Traveller Sites


The Council has duties and responsibilities to balance the rights of Gypsies and Travellers and people affected by unauthorised camping.


Gypsies and Travellers are protected from discrimination by the Race Relations Act 1976 and the Human Rights Act 1998.

This page sets out how the Council and other official agencies will work to protect the rights of all those involved.


Why do Gypsies and Travellers pursue a travelling lifestyle?

This has been the way of life for travelling people for many generations. Families move around the country for work or social reasons. The Council accepts that this is a legitimate way of life.

Does the Council have a duty to move Gypsies and Travellers when they are camped without the landowner's permission?

No. If Gypsies or Travellers are camped on Council land, the Council can evict them.

If they are on private land, it is usually the landowner's responsibility.  If Gypsies or Travellers are not causing a problem, the site may be tolerated. When deciding what if any action to take against unauthorised encampments, the Council has agreed to abide by the principles contained in the Cumbria Joint Agency Protocol for Responding to Unauthorised Encampments. A copy of this document can be downloaded here.

If Gypsies or Travellers camp on private land, what can the landowner do?


  • talk to them to see if a leaving date can be agreed.
  • take proceedings in the County Court under the Civil Procedure Rules 1998 to obtain a Court Order for their eviction. 


What if the landowner decides to let them stay on the land temporarily?

Unless the landowner has already obtained planning permission for a caravan site or is a farmer and the Gypsies or Travellers are helping with fruit picking etc., then the landowner could be in breach of the Planning Acts and the Acts dealing with the licensing of caravan sites.  You may wish to seek further advice from the Council Environmental Health section (address in page footer), who deal with illegal encampments.

If the landowner fails to remove the Gypsies or Travellers, what will the Council do?

If the landowner is in breach of any planning or licence requirements, then the Council may take proceedings against the landowner to require removal of the illegal encampment.

Gypsies or Travellers are camping on the side of the road or other Council-owned land; what can the Council do in these cases?

If the Gypsies or Travellers are causing problems they will be moved on as soon as is possible and reasonable.  The Council will consider each case using the criteria set out in the Cumbria Joint Agency Protocol for Responding to Unauthorised Encampments.  In all cases the site is visited and every effort made to make sure that the Gypsies or Travellers keep the site tidy and do not cause public health problems.  This sometimes means that refuse collection or other facilities may be provided.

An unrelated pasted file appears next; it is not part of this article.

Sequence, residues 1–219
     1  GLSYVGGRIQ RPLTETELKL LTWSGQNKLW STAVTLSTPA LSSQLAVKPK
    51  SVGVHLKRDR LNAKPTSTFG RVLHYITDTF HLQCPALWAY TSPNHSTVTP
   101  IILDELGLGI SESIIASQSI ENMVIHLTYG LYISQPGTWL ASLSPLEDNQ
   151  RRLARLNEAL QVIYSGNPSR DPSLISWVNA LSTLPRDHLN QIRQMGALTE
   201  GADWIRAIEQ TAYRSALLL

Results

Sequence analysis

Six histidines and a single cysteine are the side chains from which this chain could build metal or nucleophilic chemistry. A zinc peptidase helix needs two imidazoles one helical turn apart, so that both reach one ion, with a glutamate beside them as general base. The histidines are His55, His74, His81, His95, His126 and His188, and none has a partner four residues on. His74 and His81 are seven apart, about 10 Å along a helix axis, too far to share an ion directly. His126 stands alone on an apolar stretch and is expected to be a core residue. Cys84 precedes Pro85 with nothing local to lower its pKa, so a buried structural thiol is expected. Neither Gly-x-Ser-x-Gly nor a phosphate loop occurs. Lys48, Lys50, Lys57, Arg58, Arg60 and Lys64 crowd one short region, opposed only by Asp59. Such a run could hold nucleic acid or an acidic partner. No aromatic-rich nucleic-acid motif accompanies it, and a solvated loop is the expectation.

Can the Council remove Gypsies or Travellers from their land immediately?

No, the Council must:

  • show that the Gypsies or Travellers are on the land without consent;
  • make enquiries about general health, welfare and children's education;
  • ensure that the Human Rights Acts 1998 has been fully complied with;
  • follow a set procedure to prove ownership of land and details of the illegal encampment that will enable them to
  • successfully obtain an order from the Courts to order the Gypsies or Travellers to leave the site.


How long will it take for the Gypsies or Travellers to be removed?

This will depend upon the circumstances of each individual case.  The Council will need to take account of the issues outlined above as well as how soon they can obtain a Court hearing date.

Can the Court refuse to order the Gypsies or Travellers to move on?

Yes.  If there is an unavoidable reason for the Gypsies/Travellers to stay on the site, or if the Court believes that the Council have failed to make adequate enquiries about the general health and welfare of the Gypsies or Travellers.  The Council must try to find out this information before going to Court.

What can the Police do?

The Police will visit all sites reported to them (Barrow Police - Tel 101 for non-emergency queries).

 The duty of the Police is to preserve the peace and prevent crime.  Trespass on land by itself is not a criminal offence. Prevention of Trespass and the removal of trespassers are the responsibilities of the landowner and not the Police.  The Police will investigate all criminal and Public Order offences.

 Sometimes the police may use powers under Section 61 of the Criminal Justice and Public Order Act 1994.  These powers will only be used in situations of serious criminality or public disorder which cannot be addressed by normal criminal legislation and where trespass on the land is a relevant factor.

The Police are bound by the Human Rights Act and may be unable to use section 61 in certain circumstances.


Do we have to provide sites?

 The Council has a duty to assess the housing needs of Gypsies and Travellers from time to time. We will use these assessments to plan for the provision of additional sites. The Council carried out a joint assessment of needs with the other Cumbria districts during 2013. This did not identify a substantial additional need for sites. A copy of the report can be downloaded here.